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On today’s show, I welcome award-winning designer Jan Johnsen to the show to discuss her book - The Spirit of Stone - in which she presents a beautifully photographed, inspiring guide to 101 Practical & Creative Stonescaping Ideas for Your Garden: from practical steps, paths, and garden walls, to naturalistic dry streams, inspired rock gardens, and Jan’s personal favorite - reflexology paths.
Jan has 30+ years of experience in landscaping and this comes in quite handy because she’s worked with quite a bit of stone during countless installations over the years. Designer, author and teacher, Jan Johnsen, is particularly interested in the relationship between outdoor space and its effect upon our peace of mind. The Spirit of Stone examines stone from both the aesthetic and functional perspective. Jan’s e early experience with stone began during her college years, working for a landscape firm in Kyoto, Japan. In fact, Jan's carried that experience with her through life - showing a loving appreciation and sensitivity to Japanese influences in gardening. It’s something I especially admire about her. Awarded a 2014 Association of Professional Landscape Designers award, Jan studied landscape architecture at the University of Hawaii and got her horticultural training from a Versailles-trained French gardener at Mohonk Mountain House in NY. Her design firm is Johnsen Landscapes & Pools. Jan taught at Columbia University and currently teaches at the NY Botanical Garden, where she won ‘Instructor of the Year’.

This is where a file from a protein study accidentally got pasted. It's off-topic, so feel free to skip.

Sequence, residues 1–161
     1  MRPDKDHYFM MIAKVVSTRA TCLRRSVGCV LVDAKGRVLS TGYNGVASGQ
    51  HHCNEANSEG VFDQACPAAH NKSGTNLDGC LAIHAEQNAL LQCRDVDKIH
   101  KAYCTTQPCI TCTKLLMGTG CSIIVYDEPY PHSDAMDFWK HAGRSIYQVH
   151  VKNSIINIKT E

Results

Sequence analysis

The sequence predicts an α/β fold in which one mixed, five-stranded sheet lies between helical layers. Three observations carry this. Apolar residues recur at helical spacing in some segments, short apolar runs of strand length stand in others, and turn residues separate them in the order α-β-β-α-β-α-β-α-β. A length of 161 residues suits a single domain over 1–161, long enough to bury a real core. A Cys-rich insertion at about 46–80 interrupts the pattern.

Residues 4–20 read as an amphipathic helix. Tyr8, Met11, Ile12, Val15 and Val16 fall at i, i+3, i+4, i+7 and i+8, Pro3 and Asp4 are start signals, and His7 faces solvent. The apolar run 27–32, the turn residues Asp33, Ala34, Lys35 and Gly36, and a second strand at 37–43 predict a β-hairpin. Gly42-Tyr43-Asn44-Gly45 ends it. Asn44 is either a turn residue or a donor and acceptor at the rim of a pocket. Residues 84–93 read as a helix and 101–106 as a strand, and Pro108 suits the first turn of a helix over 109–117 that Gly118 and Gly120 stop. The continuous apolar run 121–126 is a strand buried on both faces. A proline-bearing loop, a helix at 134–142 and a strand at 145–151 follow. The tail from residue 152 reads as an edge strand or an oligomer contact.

Jan loves to share her insights in the beneficial effects of gardens and gardening with others. Her new book, The Spirit of Stone celebrates this ancient material and its use in our landscapes.
It’s a beautiful book - Jan took all of the photos - and that gives you an idea of the number of installations she does with her Landscape business. As Jan likes to say, "Natural stone, that most ancient of materials, adds an authentic touch to an outdoor space that nothing else can match. While plants may temporarily steal the show, a low stonewall, solitary standing stone or dry stream remains unwavering through the years."
Isamu Noguchi, the designer and artist, summed it up best, "Any gardener will tell you that it is the rocks that make a garden. They call them the 'bones' of the garden.”The Spirit of Stone is an essential idea book for anyone looking to add dimension and resilience to their landscape - the tips and photos will inspire designers, homeowners, gardeners,and stonemasons alike.Miriam Goldberger, the author of Taming Wildflowers, said this about The Spirit of Stone: "Celebrated garden author and landscape designer, Jan Johnsen has sifted her sophisticated natural stone expertise into a clearly written and companionable guide to stone gardening success." And here’s this great compliment from Fran Sorin, the author of Digging Deeper: